Encrypt a file using Vim – a programmer’s editor

This post explains how to encrypt a file in Linux using Vim ( text editor ). Here I will show how one can secure a file at the time of creation as well as during editing it. Depending upon your distribution you can install Vim :

  • $ sudo yum install vim [ RHEL / Centos machines]
  • $ sudo apt-get install vim [ Debian / Ubuntu machines ]
  • $ sudo dnf install vim [ Fedora 22 + machines ]

If you check the manual page of Vim, you will see -x option , I’m going to enable this option and see how it works.

When I open a file using -x option
vim -x foo.txt

vim -x foo.txt

 

 

 

 

If the encryption key matches you would be able to open the file.

file content

 

 

 

Next time when you open the same file ‘foo.txt’ you will be asked for encryption key, if you enter a wrong key here is what you see :

Wrong key

 

 

 

 

If you open the file using vim foo.txt

Key mismatch

 

junk characters

you will see some junk characters inside it.

If you look at the warning message above it says – “Using a weak encryption method; see :help ‘cm’ ” 

Open the file again and type ESC :help 'cm' from within the editor. It shows you a manual page for type of encryption being used.

Depending upon the version of Vim editor you have you can set type of encryption method from the above list.

Command –  : setlocal cm=blowfish

Now you won’t see above warning message.

Using the command :x you can set a crypto password after you’ve opened this file using Vim.

This tip will help you to secure sensitive files using a strong encryption method.

Useful tips on sed and awk

I was recently developing a code where I came across various search techniques and pattern matching that is possible using ‘sed’ and ‘awk’. Am sharing some of those tips here :

  • You want to search and print the second category in a given file. Here is how a file looks like :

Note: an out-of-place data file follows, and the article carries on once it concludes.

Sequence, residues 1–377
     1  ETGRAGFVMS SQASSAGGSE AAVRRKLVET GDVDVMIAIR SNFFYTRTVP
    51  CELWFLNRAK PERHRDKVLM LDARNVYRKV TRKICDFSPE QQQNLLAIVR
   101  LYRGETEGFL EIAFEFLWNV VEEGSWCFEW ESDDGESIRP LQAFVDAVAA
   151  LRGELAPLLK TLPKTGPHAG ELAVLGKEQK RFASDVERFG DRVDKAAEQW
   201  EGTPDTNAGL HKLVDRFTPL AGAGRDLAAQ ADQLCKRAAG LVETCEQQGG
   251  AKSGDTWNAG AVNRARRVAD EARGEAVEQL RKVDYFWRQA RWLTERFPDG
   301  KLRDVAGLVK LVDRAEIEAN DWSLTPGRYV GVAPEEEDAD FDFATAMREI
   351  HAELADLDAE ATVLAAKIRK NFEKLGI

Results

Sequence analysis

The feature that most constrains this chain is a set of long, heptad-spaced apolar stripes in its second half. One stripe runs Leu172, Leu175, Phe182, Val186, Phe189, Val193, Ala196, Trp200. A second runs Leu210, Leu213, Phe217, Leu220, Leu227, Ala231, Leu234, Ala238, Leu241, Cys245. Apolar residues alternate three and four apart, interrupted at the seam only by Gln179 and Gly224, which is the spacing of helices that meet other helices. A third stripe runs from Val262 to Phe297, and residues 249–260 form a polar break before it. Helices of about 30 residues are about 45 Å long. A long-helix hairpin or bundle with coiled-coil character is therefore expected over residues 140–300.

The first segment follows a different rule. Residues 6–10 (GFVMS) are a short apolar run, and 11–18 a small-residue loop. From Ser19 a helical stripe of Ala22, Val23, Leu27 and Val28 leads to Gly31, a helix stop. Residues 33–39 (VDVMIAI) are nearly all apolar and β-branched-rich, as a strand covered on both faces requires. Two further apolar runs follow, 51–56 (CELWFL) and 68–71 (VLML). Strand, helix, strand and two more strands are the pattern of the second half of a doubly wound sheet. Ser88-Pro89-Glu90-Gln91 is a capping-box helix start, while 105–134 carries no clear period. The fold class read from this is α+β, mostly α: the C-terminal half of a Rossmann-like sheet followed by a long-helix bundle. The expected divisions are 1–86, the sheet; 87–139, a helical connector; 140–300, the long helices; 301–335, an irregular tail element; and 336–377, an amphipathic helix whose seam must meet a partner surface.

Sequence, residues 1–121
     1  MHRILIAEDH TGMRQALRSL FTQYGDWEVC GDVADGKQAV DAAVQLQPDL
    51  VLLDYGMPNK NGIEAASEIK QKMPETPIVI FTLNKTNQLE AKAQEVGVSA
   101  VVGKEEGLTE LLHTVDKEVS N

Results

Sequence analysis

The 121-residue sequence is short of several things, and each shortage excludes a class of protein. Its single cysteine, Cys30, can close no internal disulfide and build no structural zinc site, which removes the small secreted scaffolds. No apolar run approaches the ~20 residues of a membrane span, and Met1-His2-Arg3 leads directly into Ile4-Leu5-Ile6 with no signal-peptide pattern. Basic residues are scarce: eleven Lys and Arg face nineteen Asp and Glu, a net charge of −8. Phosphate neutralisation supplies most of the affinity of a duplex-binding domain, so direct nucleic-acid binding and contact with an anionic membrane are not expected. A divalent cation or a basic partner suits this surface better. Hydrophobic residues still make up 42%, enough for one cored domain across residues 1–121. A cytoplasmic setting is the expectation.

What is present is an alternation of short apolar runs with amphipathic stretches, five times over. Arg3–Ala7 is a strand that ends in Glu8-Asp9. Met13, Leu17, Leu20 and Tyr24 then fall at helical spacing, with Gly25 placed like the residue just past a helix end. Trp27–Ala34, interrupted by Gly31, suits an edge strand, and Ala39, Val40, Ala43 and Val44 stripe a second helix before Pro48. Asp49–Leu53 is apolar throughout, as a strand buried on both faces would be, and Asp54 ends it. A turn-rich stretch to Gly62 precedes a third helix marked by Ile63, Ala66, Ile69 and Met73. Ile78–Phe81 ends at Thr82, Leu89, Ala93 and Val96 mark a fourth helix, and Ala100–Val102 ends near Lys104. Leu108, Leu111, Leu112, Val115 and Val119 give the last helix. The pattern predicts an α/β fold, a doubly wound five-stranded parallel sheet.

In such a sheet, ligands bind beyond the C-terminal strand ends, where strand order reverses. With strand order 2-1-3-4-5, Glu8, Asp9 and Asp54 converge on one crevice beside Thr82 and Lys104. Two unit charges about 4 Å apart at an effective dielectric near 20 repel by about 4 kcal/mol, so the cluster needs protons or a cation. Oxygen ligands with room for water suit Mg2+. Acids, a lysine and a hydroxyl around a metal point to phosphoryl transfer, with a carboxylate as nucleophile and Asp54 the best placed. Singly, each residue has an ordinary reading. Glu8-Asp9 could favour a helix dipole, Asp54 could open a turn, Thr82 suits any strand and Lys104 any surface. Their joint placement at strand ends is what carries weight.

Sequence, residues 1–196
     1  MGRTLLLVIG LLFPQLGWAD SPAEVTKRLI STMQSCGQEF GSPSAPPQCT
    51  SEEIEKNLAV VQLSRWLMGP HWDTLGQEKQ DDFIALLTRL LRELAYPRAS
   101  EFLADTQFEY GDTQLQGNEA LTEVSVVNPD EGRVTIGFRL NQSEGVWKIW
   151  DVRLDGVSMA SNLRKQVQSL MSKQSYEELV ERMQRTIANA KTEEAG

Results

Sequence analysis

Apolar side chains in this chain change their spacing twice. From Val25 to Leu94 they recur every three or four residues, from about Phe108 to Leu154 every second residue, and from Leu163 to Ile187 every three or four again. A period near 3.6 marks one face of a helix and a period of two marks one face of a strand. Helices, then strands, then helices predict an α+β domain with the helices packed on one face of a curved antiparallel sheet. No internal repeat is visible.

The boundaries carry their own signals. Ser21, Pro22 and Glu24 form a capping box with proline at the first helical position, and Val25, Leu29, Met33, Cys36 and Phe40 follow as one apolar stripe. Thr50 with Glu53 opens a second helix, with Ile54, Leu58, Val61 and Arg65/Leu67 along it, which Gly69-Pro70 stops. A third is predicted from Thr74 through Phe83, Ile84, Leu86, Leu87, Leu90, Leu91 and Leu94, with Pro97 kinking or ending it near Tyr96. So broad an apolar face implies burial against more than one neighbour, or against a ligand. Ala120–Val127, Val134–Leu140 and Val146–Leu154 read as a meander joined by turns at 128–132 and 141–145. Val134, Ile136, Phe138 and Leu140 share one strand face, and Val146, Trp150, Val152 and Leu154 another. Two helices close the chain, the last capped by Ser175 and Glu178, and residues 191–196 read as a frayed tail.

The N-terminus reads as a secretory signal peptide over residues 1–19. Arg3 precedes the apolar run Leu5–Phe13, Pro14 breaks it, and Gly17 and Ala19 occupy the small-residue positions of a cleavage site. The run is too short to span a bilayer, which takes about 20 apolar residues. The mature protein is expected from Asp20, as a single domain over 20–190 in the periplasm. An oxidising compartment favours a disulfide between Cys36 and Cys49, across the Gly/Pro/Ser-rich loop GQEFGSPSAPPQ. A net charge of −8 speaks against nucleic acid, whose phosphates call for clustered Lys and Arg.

Apple

o

n

e

Apple

t

w

o

Apple

t

h

r

e

e

Command: sed -nr ‘/^Apple/H;//,/^done/G;s/\n(\n[^\n]*){2}$//p’  file_name

Output:

t

w

o

  • Printing the sum of a given column in a file :

1  1

2  4

3  9

Command: awk ‘{ sum += $2 } END { print sum }’  file_name

Output: 14

  • sed  has the N command which will read the next line into the pattern space.

Command:  sed -n ‘/pattern/{N;p}’ file_name

In order to print 2 lines simply put {N;N;p}

  • Print section of file based on line numbers (lines 2-10, inclusive)

Command: sed -n ‘2,10p’ file_name

  • Print the last line of a file (emulates “tail -1”) 

Command: sed -n ‘$p’ file_name

I came across this page to understand few one-liner commands.

PyCon India 2013

PyCon India 2013 – a premier conference in India on using and developing the Python programming language is conducted annually by the Python developer community and it attracts the best Python programmers from India and abroad. Conferences are the best place to meet old friends, make new one, discuss technical as well as non-technical things at same place. I made it to PyCon this year and met many old faces and made new friends too. It was a three day event starting from 30th August to 1st September 2013 with the first day focusing on workshops and last two days on conference with several talks lined up in two parallel tracks. There were BoF sessions conducted too.